• It highlights how seriously the FTC takes compliance with the exemption.  Indeed, many of the HSR enforcement actions the FTC has brought have been for improper reliance on the passive investor exemption.  In addition to the usual press release and competitive impact statement accompanying the settlement, the FTC posted a blog entry by the Director of the Bureau of Competition regarding the settlement, noting that “any investor who is considering engaging with management or any person considering taking a board seat should proceed with caution” if relying on the exemption.   
  • Some terms of the judgment provide guidance as to best practices for compliance.  For example, Third Point is prohibited from relying on the exemption if it has engaged in activist conduct in the prior 4 months, except in certain cases where it has made a statement that it is not pursuing candidates for the board or CEO of the relevant issuer.  This suggests that where an investor has swung rapidly out of activist and into passive mode, waiting a period of time before making acquisitions in reliance on the exemption may be prudent.  At a minimum, establishing a clear paper trail evidencing the change of intent is critical to avoid compliance issues.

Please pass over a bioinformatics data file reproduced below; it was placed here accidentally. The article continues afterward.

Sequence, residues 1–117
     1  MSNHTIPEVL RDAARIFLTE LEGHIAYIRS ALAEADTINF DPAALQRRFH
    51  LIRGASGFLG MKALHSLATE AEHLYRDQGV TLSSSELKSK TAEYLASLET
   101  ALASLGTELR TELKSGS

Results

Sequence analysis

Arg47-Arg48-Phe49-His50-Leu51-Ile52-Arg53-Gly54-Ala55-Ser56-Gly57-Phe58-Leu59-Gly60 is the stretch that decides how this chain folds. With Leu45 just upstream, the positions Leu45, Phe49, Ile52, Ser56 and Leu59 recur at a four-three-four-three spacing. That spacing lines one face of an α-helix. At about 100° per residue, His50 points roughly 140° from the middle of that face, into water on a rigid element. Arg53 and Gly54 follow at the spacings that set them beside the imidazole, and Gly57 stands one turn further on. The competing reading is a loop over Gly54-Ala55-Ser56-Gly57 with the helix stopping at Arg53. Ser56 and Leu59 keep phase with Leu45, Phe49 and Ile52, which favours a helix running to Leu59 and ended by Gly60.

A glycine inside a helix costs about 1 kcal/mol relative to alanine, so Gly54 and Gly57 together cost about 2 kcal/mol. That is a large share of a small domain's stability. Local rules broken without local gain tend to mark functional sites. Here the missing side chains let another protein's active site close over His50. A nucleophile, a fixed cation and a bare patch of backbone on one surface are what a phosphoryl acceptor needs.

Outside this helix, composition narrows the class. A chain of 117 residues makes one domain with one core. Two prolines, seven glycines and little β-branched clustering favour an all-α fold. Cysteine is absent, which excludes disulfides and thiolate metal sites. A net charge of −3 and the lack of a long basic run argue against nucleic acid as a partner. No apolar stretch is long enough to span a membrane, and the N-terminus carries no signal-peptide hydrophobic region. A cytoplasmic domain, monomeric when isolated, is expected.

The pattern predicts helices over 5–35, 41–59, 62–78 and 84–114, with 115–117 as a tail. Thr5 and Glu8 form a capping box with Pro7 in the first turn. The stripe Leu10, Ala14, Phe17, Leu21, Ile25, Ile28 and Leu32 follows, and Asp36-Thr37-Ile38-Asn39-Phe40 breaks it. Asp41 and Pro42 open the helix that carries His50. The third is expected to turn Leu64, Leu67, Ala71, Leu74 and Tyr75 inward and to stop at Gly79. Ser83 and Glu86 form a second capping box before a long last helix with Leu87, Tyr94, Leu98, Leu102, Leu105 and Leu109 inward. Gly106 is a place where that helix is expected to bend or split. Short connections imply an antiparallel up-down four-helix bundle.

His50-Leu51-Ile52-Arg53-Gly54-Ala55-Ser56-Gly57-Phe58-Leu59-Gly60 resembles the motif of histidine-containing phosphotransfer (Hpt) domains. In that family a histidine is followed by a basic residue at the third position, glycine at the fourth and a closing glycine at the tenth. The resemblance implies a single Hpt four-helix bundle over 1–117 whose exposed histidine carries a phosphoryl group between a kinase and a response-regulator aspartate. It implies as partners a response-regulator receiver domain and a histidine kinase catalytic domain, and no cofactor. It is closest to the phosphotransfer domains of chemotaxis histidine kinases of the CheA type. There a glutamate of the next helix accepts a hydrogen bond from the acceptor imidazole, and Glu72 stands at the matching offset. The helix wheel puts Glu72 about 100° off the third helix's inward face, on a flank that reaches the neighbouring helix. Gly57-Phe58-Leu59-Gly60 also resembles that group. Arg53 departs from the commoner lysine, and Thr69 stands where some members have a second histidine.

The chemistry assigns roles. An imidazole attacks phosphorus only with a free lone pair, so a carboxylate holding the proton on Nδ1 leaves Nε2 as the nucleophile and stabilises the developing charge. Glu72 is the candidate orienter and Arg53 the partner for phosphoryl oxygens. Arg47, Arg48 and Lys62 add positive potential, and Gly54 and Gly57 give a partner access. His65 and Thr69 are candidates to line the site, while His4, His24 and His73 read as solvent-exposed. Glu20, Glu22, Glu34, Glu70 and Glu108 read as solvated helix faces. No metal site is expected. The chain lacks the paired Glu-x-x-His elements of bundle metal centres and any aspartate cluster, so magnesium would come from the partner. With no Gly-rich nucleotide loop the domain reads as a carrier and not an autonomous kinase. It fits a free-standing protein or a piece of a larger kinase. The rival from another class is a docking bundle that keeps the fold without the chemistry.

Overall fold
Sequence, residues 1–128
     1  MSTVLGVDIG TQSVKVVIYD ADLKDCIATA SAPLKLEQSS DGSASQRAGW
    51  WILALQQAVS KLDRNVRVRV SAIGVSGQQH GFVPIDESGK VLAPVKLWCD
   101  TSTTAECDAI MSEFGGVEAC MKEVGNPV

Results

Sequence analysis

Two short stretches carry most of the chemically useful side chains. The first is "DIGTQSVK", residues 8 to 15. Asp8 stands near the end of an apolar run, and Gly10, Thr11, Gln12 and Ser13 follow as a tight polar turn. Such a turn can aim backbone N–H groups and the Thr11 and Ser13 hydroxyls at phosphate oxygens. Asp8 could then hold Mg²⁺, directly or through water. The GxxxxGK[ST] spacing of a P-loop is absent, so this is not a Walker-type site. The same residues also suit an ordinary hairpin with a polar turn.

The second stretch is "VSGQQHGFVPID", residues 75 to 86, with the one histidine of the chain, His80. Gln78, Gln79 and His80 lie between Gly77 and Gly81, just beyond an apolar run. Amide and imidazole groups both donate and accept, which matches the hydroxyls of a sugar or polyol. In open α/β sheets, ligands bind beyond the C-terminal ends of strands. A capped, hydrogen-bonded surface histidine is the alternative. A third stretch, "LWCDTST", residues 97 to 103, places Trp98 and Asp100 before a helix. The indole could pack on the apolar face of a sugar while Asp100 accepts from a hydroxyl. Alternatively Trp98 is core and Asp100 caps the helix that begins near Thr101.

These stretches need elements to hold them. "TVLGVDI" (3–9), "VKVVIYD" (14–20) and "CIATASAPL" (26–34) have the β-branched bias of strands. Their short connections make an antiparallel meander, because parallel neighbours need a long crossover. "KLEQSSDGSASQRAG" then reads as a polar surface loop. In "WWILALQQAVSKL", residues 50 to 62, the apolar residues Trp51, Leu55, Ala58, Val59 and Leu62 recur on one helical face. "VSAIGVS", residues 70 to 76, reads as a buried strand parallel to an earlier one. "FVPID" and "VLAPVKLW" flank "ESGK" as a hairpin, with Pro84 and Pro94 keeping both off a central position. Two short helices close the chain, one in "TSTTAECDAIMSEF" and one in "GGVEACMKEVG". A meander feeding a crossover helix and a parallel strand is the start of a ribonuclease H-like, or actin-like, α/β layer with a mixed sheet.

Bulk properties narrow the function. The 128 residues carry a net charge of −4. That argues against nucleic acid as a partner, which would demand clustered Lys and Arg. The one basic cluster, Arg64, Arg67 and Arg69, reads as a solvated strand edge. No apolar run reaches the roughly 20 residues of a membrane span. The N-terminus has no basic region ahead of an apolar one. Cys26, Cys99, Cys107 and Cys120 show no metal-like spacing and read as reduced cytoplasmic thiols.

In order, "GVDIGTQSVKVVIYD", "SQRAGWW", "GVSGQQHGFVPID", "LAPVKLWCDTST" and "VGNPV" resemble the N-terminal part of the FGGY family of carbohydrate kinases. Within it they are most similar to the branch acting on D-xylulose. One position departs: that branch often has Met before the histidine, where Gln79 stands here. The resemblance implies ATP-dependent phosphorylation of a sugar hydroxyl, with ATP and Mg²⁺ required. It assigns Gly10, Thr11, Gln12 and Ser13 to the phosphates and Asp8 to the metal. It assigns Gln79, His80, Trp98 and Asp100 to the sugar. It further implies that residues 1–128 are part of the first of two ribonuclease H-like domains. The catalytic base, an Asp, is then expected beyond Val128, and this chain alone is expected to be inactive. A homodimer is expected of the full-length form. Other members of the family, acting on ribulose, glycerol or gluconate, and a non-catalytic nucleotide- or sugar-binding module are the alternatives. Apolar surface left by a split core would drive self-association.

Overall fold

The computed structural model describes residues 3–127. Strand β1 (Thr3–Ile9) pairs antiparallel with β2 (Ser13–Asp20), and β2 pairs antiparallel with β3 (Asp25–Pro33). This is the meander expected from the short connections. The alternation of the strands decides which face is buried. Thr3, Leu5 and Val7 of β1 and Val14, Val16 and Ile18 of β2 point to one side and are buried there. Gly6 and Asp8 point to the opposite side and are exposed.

• It is unusual for FTC Commissioners to dissent in an HSR enforcement action.  The dissenting Commissioners argue that activist investors like Third Point engage in valuable activity and that acquisitions of under 10% of the shares of a company are unlikely to raise competitive concerns irrespective of the investors’ intent.  It remains to be seen whether changes will be forthcoming to expand the exemption, although it is interesting to note that the settlement itself includes a provision that would relieve Third Point of compliance obligations in the event the passive investor exemption is revised to a straightforward exemption on holdings below a fixed percentage without regard to the investor’s intent.  In the meantime, investors are reminded to consider the narrow application of the exemption when seeking to rely on it.